Nutzung historisch

Oct 8th 1933Inauguration of the commemorative stone
1934 – 1938 yearly on Feb 23rdCeremony with wreath-laying on the anniversary of Wessel’s death
Oct 9th 1937„Horst- Wessel-Day“ on the 30th birthday of the „Martyr“

[2]

Further Info:

For the inauguration and the “Horst Wessel Day” in 1937, the entire city including the surrounding area was involved. Everything that could be mustered in the way of people and material was brought in to give the event the character of a mass event and the necessary solemnity.

In addition to the memorial stone, a commemorative plaque was placed at Horst Wessel’s birthplace in Bielefeld. In 1939, a bronze statue in his likeness was erected opposite the Bielefeld NSDAP headquarters. The commemorative plaque disappeared in 1945 just as suddenly as the memorial stone on the hill, the statue was already removed during the war and the material was presumably used for the manufacture of war equipment.[4]

Hitler himself never visited Bielefeld, which was a great disappointment for contemporaries. Despite the renaming of several places and buildings in Bielefeld to “Hitler” and the Horst Wessel marches: the then Reich Chancellor only came close to Bielefeld. On July 8, 1933, about three months before the inauguration of the prestige project, he landed at an airfield near the city, but only to continue his journey directly to Dortmund.

[5]


[1] Kühne, Hans-Jörg, „Böse Orte“. Unbeachtete Mahnmale des Nationalsozialismus in Bielefeld, in: Ravensberger Blätter: Organ des Historischen Vereins für die Grafschaft Ravensberg e.V. Band 2, Bielefeld 2017, S. 22 f.

[2] Kühne, 2017, S. 22

[3] Ebd.

[4] Kühne, 2017, S. 23

[5] Kühne, 2017, S. 24

Summary of the historical article “Der Braunschweiger Thingplatz” (The Thing site in Brunswick) by Baurat (building commissioner) Robert Dirichs, published on October 9, 1935 in the “Zentralblatt der Bauverwaltung vereinigt mit der Zeitschrift für Bauwesen, issue 41, p. 81-85”. The journal contained news of the Reich and state authorities during National Socialism, it was published in the Ministry of Finance.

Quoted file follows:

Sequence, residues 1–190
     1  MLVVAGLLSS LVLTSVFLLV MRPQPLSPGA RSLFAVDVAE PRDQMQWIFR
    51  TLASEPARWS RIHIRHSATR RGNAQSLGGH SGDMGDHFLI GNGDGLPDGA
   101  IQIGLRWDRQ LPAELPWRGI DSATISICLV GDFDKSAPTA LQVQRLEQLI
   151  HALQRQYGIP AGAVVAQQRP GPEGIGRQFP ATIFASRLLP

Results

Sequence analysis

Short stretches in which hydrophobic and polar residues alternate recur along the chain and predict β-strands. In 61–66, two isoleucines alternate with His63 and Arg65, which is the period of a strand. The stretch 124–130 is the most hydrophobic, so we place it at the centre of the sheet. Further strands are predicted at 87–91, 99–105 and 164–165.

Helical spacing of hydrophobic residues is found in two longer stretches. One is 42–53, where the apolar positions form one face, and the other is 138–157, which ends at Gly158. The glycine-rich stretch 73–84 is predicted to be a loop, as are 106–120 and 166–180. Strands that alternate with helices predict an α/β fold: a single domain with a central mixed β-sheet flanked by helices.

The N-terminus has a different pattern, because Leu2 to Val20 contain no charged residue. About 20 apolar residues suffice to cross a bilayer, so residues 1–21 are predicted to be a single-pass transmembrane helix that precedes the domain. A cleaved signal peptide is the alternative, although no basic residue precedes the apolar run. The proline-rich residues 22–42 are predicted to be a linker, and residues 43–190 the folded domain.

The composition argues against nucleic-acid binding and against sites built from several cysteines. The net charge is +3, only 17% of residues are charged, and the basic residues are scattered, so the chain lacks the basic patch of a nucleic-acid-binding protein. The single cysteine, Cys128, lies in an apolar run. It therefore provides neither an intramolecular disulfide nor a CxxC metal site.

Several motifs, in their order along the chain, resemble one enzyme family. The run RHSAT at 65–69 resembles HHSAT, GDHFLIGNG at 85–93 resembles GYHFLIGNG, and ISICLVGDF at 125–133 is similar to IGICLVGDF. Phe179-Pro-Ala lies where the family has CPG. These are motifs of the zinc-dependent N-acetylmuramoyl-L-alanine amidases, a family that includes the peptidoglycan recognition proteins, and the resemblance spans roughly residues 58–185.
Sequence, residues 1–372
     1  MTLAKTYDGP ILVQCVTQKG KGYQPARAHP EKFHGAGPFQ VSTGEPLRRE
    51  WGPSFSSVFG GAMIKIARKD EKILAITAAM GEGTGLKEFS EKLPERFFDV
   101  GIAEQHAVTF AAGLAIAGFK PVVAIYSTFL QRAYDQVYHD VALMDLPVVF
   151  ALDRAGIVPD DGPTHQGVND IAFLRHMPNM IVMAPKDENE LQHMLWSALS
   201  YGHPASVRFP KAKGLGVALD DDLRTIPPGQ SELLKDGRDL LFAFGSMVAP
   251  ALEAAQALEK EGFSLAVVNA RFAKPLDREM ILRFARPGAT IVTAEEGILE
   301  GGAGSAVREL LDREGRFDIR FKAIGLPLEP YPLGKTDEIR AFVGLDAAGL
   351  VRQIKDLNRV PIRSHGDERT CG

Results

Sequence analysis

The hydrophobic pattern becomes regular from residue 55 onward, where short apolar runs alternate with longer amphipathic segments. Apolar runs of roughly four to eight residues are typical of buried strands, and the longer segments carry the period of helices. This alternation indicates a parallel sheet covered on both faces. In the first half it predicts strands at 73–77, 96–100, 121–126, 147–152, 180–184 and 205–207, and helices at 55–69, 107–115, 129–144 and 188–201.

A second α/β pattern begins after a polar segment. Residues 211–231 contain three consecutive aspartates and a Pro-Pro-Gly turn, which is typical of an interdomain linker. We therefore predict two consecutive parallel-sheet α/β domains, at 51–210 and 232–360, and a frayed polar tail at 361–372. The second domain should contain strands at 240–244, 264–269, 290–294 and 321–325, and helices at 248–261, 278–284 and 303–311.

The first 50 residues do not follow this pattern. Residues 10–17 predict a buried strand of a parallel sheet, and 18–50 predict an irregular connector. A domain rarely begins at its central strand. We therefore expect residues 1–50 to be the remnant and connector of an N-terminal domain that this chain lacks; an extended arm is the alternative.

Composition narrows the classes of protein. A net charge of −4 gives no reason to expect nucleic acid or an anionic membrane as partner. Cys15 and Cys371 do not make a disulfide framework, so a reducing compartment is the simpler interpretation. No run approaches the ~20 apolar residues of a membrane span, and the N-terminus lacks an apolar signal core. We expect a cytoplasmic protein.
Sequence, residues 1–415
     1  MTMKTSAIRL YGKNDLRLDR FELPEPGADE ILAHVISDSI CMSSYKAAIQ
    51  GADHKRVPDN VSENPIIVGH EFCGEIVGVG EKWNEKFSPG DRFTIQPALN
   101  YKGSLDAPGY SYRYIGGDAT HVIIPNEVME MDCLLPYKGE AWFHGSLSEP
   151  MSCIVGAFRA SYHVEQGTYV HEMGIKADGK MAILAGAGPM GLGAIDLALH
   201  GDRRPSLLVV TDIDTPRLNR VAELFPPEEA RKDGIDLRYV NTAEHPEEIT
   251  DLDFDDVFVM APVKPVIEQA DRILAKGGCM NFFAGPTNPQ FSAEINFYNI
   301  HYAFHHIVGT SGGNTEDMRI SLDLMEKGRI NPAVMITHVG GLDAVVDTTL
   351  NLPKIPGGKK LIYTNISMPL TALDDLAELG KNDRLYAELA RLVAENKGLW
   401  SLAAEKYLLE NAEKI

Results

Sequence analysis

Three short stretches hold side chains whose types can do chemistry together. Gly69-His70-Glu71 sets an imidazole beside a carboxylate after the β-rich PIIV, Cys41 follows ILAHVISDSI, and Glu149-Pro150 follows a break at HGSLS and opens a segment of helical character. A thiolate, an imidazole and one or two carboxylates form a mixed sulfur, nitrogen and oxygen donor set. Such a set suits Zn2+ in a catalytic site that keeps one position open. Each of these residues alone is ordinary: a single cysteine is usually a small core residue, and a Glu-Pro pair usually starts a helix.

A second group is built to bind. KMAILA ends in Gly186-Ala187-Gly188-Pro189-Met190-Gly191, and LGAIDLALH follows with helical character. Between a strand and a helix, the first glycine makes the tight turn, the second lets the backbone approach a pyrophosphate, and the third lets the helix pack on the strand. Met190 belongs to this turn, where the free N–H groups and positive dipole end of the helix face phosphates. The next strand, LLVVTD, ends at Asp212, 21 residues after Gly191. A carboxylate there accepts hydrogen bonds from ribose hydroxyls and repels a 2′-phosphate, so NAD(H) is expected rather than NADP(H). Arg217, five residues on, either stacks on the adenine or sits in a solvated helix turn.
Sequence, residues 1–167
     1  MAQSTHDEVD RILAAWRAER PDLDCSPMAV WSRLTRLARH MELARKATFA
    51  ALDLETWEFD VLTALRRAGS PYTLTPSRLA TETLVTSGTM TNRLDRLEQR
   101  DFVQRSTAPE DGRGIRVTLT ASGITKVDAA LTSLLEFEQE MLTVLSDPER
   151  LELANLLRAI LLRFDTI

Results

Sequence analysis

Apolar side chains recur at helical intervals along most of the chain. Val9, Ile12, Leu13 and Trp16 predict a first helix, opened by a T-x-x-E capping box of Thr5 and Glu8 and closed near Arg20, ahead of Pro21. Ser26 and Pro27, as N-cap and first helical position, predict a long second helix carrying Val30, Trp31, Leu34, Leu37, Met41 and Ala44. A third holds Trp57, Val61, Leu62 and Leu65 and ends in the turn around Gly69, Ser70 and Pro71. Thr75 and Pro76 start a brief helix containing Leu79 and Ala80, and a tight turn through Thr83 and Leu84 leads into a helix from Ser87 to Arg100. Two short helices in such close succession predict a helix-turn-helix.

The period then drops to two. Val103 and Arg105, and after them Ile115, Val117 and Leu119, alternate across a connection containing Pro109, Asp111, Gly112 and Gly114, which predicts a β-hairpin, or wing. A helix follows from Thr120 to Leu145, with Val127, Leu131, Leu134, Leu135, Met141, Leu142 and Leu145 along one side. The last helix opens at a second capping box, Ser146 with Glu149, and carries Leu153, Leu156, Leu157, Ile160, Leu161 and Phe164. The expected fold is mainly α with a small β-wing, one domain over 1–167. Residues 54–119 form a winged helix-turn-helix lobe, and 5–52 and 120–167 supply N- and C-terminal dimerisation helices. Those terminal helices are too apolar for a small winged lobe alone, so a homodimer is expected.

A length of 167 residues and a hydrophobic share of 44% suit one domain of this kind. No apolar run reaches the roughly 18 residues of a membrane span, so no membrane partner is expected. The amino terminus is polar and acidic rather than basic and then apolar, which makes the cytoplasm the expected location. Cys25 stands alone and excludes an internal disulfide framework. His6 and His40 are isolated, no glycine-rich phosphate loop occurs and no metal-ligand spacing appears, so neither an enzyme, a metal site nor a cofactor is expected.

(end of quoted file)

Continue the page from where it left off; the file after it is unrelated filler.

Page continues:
In March 1934, construction of a Thing site began in Braunschweig. At that time, the Thing movement was still very young, which is why the then Brunswick building commissioner and author of the article Robert Dirichs attributed special importance to the construction of the site for the further development of the Thing idea. A quarry on the Nußberge, whose stones were used for church buildings in the Middle Ages, was chosen as the location for the site. At this place all historical, geographical and propagandistic demands of the National Socialists were fulfilled.

After 1.5 years of construction, the Thingplatz opened. The architecture essentially corresponded to the Nazis’ ideal conception of the Thingplatz movement. It was divided into three parts: the square for the spectators, the stage and the parade ground for the participants. The magazine report particularly emphasizes the fact that the individual sections were not clearly separated from one another; rather, the subsections merged into one another. As a result, the focus was not on the spectacle, but on the gatherings as a “Volksgemeinschaft.”

Further information from the point of view of the National Socialists on the Braunschweig Thingplatz can be found in the article “Der Braunschweiger Thingplatz” (The Braunschweig Thing Square) of October 9, 1935, written by the then building councilor Robert Dirichs. Archive: Katharina Bosse